Conclusion: This lab shows that invertebrates are the most common organisms in leaf litter. Of all the invertebrates observed, the arthropoda seemed to be the largest. Only one invertebrate was found in the transect, however there could be many more. This lack of invertebrates could be due to a bad sample, or because the transect is teeming with more abiotic factors than biotic factors. In regards to vertebrates, there could be a different amount of vertebrates in this transect. When observed, there didn't seem to be any vertebrates in the transect. However, there could be from time to time a passing squirrel or bird in the transect. The transect is has more abiotic characteristics than biotic characteristics, so that is why there is a lack of vertebrates in the transect.

February 23, 2014: Introduction: The fourth lab of this section is called "Plante and Fungi". The purpose of this lab is to understand the characteristics and diversity of plants and appreciate the function and importance of fungi.

Materials and Methods: Use the bags to place a sample of leaves with soil, and then use the other two bags to place plants from the transect. Next observe the plants under the microscope and determine the plants vascularization. Next, examine the moss of the leaves and note the plant specialization. After, observe the moss and determine the male and female gametophytes and the sporophyte. Lastly, observe several different fungi under a microscope. When finished with the observing portion, next is to set up the lab for next week. First step is to pour 25mL of 50:50 ethanol/water solution into a flask and tape it to the bottom of a funnel. In the funnel place the leave and soil found from the transect into the flask and place the apparatus under a light bulb.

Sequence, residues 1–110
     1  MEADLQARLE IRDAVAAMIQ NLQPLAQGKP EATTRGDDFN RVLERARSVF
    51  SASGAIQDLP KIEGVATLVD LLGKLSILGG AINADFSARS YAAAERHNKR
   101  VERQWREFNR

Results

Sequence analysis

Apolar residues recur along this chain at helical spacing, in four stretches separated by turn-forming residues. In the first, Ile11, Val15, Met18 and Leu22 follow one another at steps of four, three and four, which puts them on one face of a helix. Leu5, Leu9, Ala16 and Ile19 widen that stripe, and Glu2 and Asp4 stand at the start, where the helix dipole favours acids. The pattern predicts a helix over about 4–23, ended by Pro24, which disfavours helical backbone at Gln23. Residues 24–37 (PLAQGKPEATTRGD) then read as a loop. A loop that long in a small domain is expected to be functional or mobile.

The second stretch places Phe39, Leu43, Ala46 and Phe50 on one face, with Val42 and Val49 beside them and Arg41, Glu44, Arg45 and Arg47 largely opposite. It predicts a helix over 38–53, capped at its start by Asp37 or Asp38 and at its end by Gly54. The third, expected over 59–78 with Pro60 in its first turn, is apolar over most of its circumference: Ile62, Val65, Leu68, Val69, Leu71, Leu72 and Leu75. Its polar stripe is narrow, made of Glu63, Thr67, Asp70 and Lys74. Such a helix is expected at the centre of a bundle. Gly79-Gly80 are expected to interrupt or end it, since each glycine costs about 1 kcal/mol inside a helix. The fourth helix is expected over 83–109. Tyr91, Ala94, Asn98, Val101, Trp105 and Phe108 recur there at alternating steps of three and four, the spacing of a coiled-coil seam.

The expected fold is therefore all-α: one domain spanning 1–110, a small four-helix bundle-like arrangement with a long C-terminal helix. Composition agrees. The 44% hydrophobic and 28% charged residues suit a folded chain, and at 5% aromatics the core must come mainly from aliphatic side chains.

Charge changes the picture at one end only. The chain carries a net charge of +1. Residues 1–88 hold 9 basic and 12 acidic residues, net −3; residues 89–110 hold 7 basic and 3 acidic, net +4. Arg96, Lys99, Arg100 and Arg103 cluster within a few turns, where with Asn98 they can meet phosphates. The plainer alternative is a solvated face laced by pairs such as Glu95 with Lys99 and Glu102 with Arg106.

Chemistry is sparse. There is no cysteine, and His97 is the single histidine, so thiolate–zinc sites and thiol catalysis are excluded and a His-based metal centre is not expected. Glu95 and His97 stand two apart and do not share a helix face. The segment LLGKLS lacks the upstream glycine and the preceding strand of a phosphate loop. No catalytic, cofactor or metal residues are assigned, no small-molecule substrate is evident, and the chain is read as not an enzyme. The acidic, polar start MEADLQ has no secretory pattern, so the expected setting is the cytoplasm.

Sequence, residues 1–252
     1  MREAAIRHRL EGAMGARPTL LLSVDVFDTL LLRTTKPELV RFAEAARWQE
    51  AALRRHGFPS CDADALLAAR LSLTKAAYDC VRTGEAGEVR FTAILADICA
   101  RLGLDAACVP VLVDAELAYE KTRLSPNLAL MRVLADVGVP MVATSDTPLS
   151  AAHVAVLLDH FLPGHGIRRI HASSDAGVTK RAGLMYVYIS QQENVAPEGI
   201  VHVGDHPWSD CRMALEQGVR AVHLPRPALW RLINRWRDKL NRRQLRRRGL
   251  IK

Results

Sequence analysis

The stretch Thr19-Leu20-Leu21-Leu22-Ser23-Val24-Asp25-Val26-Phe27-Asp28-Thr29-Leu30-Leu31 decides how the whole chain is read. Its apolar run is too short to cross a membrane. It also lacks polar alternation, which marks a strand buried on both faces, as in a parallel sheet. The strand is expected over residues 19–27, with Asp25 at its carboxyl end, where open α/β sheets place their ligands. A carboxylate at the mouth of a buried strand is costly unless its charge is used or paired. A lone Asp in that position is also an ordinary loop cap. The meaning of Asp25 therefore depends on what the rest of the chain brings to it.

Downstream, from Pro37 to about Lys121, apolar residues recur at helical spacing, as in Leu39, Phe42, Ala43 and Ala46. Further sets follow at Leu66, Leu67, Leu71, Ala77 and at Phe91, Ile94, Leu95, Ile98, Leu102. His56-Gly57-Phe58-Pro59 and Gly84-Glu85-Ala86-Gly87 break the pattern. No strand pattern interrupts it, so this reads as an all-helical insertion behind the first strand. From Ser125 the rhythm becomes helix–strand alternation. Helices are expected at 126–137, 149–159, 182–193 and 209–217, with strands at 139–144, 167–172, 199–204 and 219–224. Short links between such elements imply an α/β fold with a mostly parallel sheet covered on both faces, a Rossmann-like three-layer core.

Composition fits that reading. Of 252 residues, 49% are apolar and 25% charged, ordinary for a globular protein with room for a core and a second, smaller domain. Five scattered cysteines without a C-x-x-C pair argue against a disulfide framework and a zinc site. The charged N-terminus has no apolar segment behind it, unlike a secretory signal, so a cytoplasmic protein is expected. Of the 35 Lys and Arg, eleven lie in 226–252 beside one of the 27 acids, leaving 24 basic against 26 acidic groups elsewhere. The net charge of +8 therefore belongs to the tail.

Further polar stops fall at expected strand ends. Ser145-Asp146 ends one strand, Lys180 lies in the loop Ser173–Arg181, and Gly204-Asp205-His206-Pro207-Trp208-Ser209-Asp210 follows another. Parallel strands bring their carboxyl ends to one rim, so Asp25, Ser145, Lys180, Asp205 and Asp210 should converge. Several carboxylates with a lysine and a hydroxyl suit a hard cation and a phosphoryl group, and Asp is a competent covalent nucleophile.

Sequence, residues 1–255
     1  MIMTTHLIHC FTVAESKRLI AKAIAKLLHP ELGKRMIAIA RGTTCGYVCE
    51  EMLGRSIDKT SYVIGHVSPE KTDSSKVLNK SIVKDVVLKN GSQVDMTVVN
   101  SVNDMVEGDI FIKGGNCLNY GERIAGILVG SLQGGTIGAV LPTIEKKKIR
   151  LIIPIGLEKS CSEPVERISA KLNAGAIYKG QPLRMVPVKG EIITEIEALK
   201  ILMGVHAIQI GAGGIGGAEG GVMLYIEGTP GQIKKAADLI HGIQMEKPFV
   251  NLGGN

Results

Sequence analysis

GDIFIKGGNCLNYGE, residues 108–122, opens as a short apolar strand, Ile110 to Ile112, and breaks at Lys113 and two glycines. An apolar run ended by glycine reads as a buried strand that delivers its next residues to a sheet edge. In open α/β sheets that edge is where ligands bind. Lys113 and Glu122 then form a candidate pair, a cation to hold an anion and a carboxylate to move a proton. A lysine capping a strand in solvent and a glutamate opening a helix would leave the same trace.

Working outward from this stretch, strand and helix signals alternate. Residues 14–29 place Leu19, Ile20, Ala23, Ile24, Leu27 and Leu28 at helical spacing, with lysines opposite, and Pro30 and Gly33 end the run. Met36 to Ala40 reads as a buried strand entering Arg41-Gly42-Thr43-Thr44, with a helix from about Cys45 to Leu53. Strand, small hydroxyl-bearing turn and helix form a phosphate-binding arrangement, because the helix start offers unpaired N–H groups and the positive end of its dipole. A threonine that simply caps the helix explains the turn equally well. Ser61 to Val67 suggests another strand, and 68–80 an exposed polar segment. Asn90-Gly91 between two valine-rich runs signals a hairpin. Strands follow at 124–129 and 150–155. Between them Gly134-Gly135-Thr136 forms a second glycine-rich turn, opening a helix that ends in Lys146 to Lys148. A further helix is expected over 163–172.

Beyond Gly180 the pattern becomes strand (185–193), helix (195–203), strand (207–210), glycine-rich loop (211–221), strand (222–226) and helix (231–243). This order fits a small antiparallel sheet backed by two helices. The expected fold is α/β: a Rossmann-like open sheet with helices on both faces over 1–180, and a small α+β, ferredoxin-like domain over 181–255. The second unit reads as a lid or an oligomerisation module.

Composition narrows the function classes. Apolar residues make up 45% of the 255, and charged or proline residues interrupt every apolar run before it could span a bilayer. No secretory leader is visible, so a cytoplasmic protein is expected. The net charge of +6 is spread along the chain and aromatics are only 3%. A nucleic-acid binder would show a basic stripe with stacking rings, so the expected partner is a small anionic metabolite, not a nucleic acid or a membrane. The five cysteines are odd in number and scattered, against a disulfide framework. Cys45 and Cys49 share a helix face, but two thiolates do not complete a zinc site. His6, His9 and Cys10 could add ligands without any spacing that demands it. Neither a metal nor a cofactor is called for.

Observations and Data: Examsdple.jpg There was only three plants found in transect 5. Grass, weeds, and rosebush were the only plants in the area. The grass is very typical, straight, green, and parallel. The weed is also very typical being long, green, and straight. The rosebush is thorny and seems very dry due to the cold weather outside. All three plants are vascular. The grass and the weeds do not have leaves. The rosebush has very brown and wilted leaves. The leaves are also very sharp at the ends. The grass and the weeds do not have seeds. The rosebush is a monocot.

Conclusion: This lab shows the diversity of plants in the transect which is a small representation on the whole world. There can be a differentiation of plants through their vascularization, their reproduction, and their leaves. Overall, this lab emphasized the diversity of plants in the world.

February 16, 2014: Introduction: The third lab of this section is called "Microbiology and Identifying Bacteria with DNA". The purpose of this lab is to understand the characteristics f bacteria, to observe antibiotic resistance, and to understand how DNA sequences are used to identify species.

Material and Methods: The materials needed for this lab are as follows: 7 agar plates from the last lab, hay infusion culture, microscope, slides, cover slips, bin, gram staining material, materials for PCR reactions, sterile loops, and micropipets.The first part of this lab is to analyze the agar plates and count the bacteria colonies on each and fill out the chart. Then to analyze the differences of the plates with and without the tetracycline. Next is to label colonies with a wax pencil and then use those colonies on a wet mount and analyze their characteristics under a microscope. Lastly, prepare a gram test on the wet mounts and prepare a PCR reaction for the next lab.